This piece was part of my work towards M.F.A. in ICIT. For more details on the overall work go here
This piece is completely improvised by the computer and human performer, with a short computer composed melody the only set material. The computer part is represented through the sounds of an electric guitar, bass and drum set, each of which carry their own musical identity that interacts with the human performer. These musical sounds are based on the mathematical formula of the Henon Attractor which creates chaotic unpredictable results. At two stages melodies are composed by the the computer and given to the human performer via the iPad.
Two recordings Henonistic are below. The two different takes should give an impression of the variance between performances (if you use the “I” to get a free download you can listen to a much higher fidelity version).
Below is an excerpt from my thesis paper discussing this piece. Read the full paper here
In my own work I have used the Hénon map (created by Michel Hénon) to create a musical improvisation partner, utilising the orbit of the Hénon map to create every musical component. Additionally, I use the Hénon map to decide musical directions and impact the overall structure. The Hénon map is a two-dimensional map that takes a point and moves it to to a new location using the algorithm below.
The Hénon map is an example of an iterative process and is a discrete dynamical system that shows chaotic results. A discrete dynamical system moves at chosen time intervals, and continually uses the same formula to move to new locations. Chaos within mathematics applies to systems that through slight variations in their initial conditions can show drastic changes. More importantly to my own use is the tendency of chaotic systems to create highly structured orbits, with a logic that is not often easily discernable. The Hénon map is particularly effective for musical patterns because it displays a regular orbit, albeit with chaotic results that contain intermittent outliers. By using an underlying formula such as this, I believe it is possible to create the illusion of an intelligent organised system that has somewhat predictable results, but does show occasional creativity through the chaotic movements, reaching beyond the more predictable patterns.
I would argue that developing a balance between predictability (the regular orbit) and unpredictably (the chaotic results) is key a part of Western music, assuming repetition itself is not the aesthetic basis of the piece. Pierre Boulez describes all Western music as ‘caught up in a “dilemma” involving repetition, variation, recognition and the unknown’. Iterative processes can be considered a form of musical composition through their internal repeating process which creates recognisable patterns. With the addition of chaotic results as the ‘unknown’ these formulas can be used to create musically effective output.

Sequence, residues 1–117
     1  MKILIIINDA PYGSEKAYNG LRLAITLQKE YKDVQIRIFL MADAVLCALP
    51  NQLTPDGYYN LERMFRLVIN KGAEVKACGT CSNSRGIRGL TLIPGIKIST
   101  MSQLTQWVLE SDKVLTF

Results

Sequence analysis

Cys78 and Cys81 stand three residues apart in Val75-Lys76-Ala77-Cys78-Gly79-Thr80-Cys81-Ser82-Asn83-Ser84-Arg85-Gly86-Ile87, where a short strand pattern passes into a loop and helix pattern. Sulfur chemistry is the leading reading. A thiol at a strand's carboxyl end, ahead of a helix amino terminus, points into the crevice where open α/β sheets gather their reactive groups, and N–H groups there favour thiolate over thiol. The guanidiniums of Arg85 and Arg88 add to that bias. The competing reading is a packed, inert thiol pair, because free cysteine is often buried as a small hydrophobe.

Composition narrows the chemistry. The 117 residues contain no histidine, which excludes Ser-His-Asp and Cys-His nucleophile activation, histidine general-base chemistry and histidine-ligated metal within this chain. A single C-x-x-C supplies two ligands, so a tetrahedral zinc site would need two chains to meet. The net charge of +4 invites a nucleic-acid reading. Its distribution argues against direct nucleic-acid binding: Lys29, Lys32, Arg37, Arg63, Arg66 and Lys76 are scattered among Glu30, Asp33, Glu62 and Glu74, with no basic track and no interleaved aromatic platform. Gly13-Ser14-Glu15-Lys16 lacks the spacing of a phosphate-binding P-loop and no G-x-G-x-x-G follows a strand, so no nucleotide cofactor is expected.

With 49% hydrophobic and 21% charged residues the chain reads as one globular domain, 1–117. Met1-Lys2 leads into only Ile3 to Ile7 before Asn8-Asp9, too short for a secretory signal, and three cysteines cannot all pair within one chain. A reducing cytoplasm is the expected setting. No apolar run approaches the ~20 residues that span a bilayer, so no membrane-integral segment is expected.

Through experiments substituting the Hénon Map with alternate formulas or with random values, it became apparent that this use of an iterative formula did contain musical significance. While my use of the Hénon map does produce defined harmonic and rhythmic characteristics, this sound is never identical in subsequent performances. I would liken its output to that of a performer reinterpreting improvisational guidelines in each performance. I use multiple iterations of the Hénon map in my composition, with each version operating at a different speed of output. This has the effect of parameters (such as harmony, rhythm and structure) moving at different speeds. I intend for this to allow for very direct mappings from the variables created by the Hénon map to musical parameters, without sacrificing musical interest.
My piece uses three conceptual instruments (drums, bass, and guitar) performed by the computer with a bass clarinet performed by the human player. I divide the piece into three layers (demonstrated in Figure 2), although the layers communicate between each other and they are all highly intertwined. The bottom layer creates the decisions of each instrument using musical ideas generated from the Hénon map and an interactive component from the bass clarinet part. The middle layer decides how each instrument will interact, using a game-like system developed for the piece; this is the only section that doesn’t rely on the Hénon map. The top layer acts as a greater structural conductor and decides on instrument combinations (solos, duets, trios or quartets) and when key moments of melodic unison should begin. The top layer combines the output of a Hénon map with the input from each instrument to decide the overall direction.
I also have a global harmonic foundation underpinning the work based on the scaling of both the x and y values of the Hénon map to a note in the Western chromatic scale. I then divide the distance between these two notes and add a note halfway between (creating a triad) before adding a 7th on the chord using the distance between each note. This creates a sequence of four note chords that each run for 16 beats, which defines the harmonic progression for each improviser. The choice of 16 beats is arbitrary in nature, as rhythmic ideas cross and accents are articulated with different placements, no meter is ever perceived.
Each instrument uses the Hénon map in a slightly different way, but one common characteristic is to use the x and y values to create rhythmic lengths. As a basic variation each value of x and y could be multiplied by 100 to create a note length (in ms) and once these notes end the next point in the map is created to output the new note lengths. By using this internal structure from the Hénon map across multiple iterations, combined with the input of a live performer, it is possible to create many unique and changing improvising environments.